Photos courtesy of NASA
We can argue about it today, but yes Neil Armstrong’s quote wasn’t as all-inclusive as we’d use today. For his time though, it worked. It conveyed the awesome scope of the occasion.
Today, July 20, 2009 marks the 40th anniversary of the Apollo 11 moon landing. This feat marks the highlight of mankind’s scientific achievement to date. The sheer effort involved in pulling the moon landing off consumed lives and treasure while captivating the minds of the world.
The success of this endeavor made instant heroes of the men who made the trip to the moon. Armstrong, Aldrin and Collins will forever be tied to this event. Over time, they have capitalized on their notoriety and made names for themselves or they have let the fame that they gained for just performing their job affect their lives and relationships. Who can say how the rest of us would have performed. I don’t know how my life would have been affected by peering into the black void of space, setting foot on an alien body and then looking back onto the blue marble of Earth.
What I do know is that it didn’t take too long before moon landings were viewed as commonplace; where we thought more about the products that came about as a result of Apollo – like Teflon – than the actual feat of the lunar landing itself. Once we had “been there, done that” we lost interest and thus killed the dream that we strived so hard to achieve. You have to wonder what Armstrong, Aldrin and Collins think privately about the lack of effort, the lack of will. So, what happened, what diverted us from the course that we had charted for ourselves once JFK stated that we were going to the moon? There were many issues but I think the most important are:
- Lack of leadership – what passes for leadership in this country is fairly poor. We’re better emulating the Romans (make sure they have their read and circuses) than making people see that there are tough choices to be made in life. Leadership in this country failed the country, became embroiled in wars that had no lasting difference and pandered to the basest desires of the populace.
- Willingness to be taken for the ride – the American populace failed in their obligation to be informed and educated. We have sunk to new lows in this country when it comes to education. Other countries now are hurriedly taking up where we left off – Indians, Chinese and others are looking not only to return to the moon but are also talking about colonizing it. They have the critical systems in place to do it too. They value education, they encourage students to learn and grow and they capitalize on the investment. America should learn this lesson and stop settling for public school systems that simply pass students through. Education is not a cost, it IS an investment.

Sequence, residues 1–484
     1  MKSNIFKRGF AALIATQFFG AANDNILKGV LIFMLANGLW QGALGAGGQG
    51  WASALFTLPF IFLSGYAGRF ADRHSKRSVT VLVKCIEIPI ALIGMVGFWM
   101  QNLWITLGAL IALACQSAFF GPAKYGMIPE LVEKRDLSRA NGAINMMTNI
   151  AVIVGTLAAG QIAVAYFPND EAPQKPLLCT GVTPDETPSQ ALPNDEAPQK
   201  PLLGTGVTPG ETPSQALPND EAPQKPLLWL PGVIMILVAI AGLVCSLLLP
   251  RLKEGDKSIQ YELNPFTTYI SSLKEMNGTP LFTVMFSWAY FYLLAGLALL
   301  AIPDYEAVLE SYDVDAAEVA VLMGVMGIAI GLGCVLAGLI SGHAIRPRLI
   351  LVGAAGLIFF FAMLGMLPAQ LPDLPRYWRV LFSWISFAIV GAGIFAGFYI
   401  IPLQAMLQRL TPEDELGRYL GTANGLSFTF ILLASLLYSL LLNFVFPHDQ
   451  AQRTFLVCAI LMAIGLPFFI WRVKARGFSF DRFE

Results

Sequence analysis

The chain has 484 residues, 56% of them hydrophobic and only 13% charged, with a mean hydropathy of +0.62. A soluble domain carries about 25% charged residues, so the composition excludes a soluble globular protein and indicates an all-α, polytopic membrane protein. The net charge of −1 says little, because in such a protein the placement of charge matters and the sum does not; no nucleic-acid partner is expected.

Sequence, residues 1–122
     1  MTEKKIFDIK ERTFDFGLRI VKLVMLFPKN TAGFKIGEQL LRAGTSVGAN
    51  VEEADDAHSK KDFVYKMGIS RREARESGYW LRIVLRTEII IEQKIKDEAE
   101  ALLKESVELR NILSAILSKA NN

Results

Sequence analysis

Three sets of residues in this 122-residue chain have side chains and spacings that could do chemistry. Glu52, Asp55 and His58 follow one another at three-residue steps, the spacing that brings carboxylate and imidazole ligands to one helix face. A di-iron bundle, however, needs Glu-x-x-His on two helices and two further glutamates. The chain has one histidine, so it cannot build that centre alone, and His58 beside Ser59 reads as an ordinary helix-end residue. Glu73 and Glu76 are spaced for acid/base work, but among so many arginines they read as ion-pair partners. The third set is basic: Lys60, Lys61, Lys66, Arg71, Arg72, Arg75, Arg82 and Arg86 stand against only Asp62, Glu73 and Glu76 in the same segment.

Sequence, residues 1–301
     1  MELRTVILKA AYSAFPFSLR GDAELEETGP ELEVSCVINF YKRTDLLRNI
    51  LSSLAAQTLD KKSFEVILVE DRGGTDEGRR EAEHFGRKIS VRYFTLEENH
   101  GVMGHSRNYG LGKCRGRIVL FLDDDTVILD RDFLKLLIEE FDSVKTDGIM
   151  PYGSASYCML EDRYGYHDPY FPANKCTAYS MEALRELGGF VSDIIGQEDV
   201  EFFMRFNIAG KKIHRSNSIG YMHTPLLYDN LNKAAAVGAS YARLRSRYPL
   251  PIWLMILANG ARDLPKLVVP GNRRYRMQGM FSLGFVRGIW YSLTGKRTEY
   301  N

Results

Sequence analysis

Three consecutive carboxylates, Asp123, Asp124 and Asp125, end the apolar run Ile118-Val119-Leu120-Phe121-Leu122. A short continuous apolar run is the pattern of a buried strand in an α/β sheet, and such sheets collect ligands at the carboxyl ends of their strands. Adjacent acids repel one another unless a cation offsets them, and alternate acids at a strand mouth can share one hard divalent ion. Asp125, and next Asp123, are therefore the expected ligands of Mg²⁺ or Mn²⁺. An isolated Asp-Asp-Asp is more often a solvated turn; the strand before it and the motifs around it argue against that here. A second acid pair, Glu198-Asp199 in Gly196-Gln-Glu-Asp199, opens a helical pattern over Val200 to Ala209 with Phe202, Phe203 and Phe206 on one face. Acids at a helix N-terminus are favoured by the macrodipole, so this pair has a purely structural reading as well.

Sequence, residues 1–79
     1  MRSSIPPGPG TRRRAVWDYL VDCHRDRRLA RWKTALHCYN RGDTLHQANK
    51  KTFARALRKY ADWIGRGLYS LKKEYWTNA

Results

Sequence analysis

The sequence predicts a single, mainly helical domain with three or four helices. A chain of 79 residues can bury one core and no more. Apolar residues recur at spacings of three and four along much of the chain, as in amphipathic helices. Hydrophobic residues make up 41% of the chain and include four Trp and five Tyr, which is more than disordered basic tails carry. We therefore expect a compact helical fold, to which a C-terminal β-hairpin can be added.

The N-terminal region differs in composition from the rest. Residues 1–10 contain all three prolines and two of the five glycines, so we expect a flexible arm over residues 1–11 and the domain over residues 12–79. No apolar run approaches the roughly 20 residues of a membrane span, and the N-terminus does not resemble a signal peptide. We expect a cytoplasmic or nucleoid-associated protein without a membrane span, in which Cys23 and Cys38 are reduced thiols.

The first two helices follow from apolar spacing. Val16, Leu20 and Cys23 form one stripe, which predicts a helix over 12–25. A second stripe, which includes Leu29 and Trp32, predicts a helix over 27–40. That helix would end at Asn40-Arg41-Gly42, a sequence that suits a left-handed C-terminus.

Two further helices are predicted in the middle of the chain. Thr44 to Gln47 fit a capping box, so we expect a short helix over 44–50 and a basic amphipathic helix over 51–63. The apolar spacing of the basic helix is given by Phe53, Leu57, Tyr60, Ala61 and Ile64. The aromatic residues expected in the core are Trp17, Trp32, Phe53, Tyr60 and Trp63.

- No sense of purpose – I’m probably going to get reamed for this but the Baby Boomers have left us a legacy of individualism. An individualism that is so strong it borders on national narcissism. These were the people who rebelled in the 60s, fueled the 70s with sex and drugs, made excessive greed popular in the 80s, and fostered the over-the-top 90s. They gave us the “I’ve got mine, you can get yours” attitude, with no thought about the better good, sacrifice or the future. The Baby Boomers have had their run, now it’s time to turn our attention to giving America a vision, correcting the course of the ship – it’s time to get back to the business of America.
So what can be done? Well, nothing simple, that’s for sure. It’s going to take a lot of work, none of it easy. It’s going to involve hard choices and difficult decisions. First off, we have to recognize that now matter who we are – the color of our skin, the language that we speak, our economic class, our orientation – we are first and foremost Americans. We can no longer afford to be divisive. The politicians and the pundits have made this the easy route because that takes the heat off of them. Instead we need to see the future of our children and work now to make it better.
We need to look out for ourselves and our families without a doubt, but it should be tempered with the realization of our need to invest in coming generations. We are providing the foundation for them to learn, grow, and succeed. We cannot take it for granted that they will have good lives just because that’s the way it’s always been. We have real competition out there, people and countries are aiming for our standard of living and they are gaining ground fast!
Lastly, we need to be united and aligned. We need to hold our politicians to a higher standard. We need to expect more out of ourselves. We need to understand that we can make a difference and work toward changing our country and society at every chance we have.